The implementation of X-Ray Phase Contrast (XPC) imaging at synchrotrons has demonstrated transformative potential on a wide range of applications, from medicine and biology to materials science. However, translation to conventional laboratory sources has proven more problematic, because of XPC’s stringent requirements in terms of spatial coherence. This has imposed the use of either micro-focal sources, or collimators (e.g. source gratings) where sources with extended focal spots were used. This reduces the available x-ray flux leading to long exposure times, which is often exacerbated by the use of additional optical elements that need to be scanned during image acquisition. Where these elements are placed downstream of the object, they also lead to an increase in the delivered dose.
XPC has also been successfully adapted to full 3D, computed tomography (CT) implementations, which has however exacerbated the above concerns in terms of acquisition times and delivered doses.
We tackled this problem by developing an incoherent approach to XPC that works with non micro-focal laboratory sources without requiring any additional collimation. The method uses one or two low aspect ratio x-ray masks that are built on low-absorbing graphite substrates for maximum transmission through the mask apertures. The combination of this with a “single-shot” phase retrieval algorithm has enabled the development of a lab-based XPC-CT system that can perform a full scan in a few minutes while delivering low radiation doses. The talk will briefly describe how the method works, then show application examples including direct comparisons with the synchrotron gold standard.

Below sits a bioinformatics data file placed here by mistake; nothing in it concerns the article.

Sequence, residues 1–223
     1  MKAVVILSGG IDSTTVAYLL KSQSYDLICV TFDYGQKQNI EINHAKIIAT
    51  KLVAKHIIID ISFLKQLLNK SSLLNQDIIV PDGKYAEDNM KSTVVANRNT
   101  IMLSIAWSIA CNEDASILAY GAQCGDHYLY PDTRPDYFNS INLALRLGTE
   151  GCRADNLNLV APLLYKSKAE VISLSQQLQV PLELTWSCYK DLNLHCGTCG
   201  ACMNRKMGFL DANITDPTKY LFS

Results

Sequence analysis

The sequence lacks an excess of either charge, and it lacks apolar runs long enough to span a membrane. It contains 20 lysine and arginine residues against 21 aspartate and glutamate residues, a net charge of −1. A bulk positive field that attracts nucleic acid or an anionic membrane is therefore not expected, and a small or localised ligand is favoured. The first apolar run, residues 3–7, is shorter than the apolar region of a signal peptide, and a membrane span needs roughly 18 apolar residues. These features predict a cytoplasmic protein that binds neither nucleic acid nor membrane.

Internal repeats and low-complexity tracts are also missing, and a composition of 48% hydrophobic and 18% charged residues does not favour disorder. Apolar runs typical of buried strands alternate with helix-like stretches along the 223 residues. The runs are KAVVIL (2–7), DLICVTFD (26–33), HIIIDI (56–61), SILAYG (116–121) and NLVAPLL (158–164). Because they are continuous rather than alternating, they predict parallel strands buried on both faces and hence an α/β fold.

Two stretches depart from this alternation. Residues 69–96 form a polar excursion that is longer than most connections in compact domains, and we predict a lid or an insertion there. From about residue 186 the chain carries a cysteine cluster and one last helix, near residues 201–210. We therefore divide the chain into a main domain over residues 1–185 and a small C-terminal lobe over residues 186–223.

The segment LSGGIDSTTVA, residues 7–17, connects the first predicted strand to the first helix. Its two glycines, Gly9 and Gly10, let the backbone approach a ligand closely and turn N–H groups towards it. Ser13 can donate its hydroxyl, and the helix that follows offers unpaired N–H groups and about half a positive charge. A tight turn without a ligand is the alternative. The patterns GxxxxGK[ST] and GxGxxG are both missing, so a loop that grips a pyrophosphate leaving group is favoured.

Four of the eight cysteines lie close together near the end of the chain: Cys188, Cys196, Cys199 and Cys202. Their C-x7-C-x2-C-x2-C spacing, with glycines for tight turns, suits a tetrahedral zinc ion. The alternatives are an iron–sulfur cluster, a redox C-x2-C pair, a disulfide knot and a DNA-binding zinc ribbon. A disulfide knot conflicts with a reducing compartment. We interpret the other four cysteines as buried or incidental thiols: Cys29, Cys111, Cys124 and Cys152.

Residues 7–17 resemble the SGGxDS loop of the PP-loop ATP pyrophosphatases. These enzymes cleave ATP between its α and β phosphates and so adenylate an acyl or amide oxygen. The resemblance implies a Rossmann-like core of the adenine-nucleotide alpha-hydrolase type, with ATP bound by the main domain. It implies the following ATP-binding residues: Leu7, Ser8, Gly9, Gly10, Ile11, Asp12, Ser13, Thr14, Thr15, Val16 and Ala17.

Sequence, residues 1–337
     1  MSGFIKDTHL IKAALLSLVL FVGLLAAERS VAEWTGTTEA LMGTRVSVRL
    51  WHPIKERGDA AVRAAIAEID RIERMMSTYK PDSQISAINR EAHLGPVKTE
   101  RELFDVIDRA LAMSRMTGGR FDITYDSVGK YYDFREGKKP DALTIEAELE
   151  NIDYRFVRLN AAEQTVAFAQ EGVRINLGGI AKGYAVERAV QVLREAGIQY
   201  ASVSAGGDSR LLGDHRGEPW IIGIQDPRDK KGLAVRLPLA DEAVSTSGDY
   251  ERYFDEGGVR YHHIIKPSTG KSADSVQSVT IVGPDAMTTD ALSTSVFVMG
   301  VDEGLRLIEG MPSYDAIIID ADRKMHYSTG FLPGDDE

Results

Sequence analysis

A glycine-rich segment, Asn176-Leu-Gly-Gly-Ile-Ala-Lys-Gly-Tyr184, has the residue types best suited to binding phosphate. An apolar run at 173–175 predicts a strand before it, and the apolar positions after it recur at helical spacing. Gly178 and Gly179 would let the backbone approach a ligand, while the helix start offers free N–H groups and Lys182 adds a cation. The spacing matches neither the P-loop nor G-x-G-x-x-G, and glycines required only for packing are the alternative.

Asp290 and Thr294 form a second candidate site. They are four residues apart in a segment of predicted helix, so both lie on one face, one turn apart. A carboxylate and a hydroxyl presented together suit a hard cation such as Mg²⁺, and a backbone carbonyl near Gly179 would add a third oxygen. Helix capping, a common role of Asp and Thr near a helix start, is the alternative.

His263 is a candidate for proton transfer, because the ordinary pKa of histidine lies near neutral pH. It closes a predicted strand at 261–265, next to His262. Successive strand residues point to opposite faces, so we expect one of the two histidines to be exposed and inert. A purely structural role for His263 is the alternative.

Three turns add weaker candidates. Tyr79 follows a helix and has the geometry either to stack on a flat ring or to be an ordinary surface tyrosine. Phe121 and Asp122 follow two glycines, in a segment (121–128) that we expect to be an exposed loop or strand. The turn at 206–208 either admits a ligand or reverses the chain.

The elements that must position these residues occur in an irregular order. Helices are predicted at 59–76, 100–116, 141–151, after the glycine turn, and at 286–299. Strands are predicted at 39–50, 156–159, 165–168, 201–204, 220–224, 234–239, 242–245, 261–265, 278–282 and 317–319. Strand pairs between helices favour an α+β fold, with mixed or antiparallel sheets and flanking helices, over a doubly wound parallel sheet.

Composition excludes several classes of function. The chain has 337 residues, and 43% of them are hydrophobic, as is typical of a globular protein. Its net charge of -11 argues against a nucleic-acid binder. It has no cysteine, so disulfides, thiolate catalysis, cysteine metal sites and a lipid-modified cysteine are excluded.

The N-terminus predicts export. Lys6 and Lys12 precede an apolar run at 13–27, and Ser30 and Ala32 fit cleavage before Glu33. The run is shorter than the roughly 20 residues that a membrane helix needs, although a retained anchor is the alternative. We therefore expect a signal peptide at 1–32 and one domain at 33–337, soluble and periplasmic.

Edge illumination (EI) X-ray phase-contrast imaging (XPCI) has potential for applications in different fields of research, including materials science, non-destructive industrial testing, small-animal imaging, and medical imaging. One of its main advantages is the compatibility with laboratory equipment, in particular with conventional non-microfocal sources, which makes its exploitation in normal research laboratories possible. In this work, we demonstrate that the signal in laboratory implementations of EI can be correctly described with the use of the simplified geometrical optics. Besides enabling the derivation of simple expressions for the sensitivity and spatial resolution of a given EI setup, this model also highlights the EI’s achromaticity. With the aim of improving image quality, as well as to take advantage of the fact that all energies in the spectrum contribute to the image contrast, we carried out EI acquisitions using a photon-counting energy-resolved detector. The obtained results demonstrate that this approach has great potential for future laboratory implementations of EI.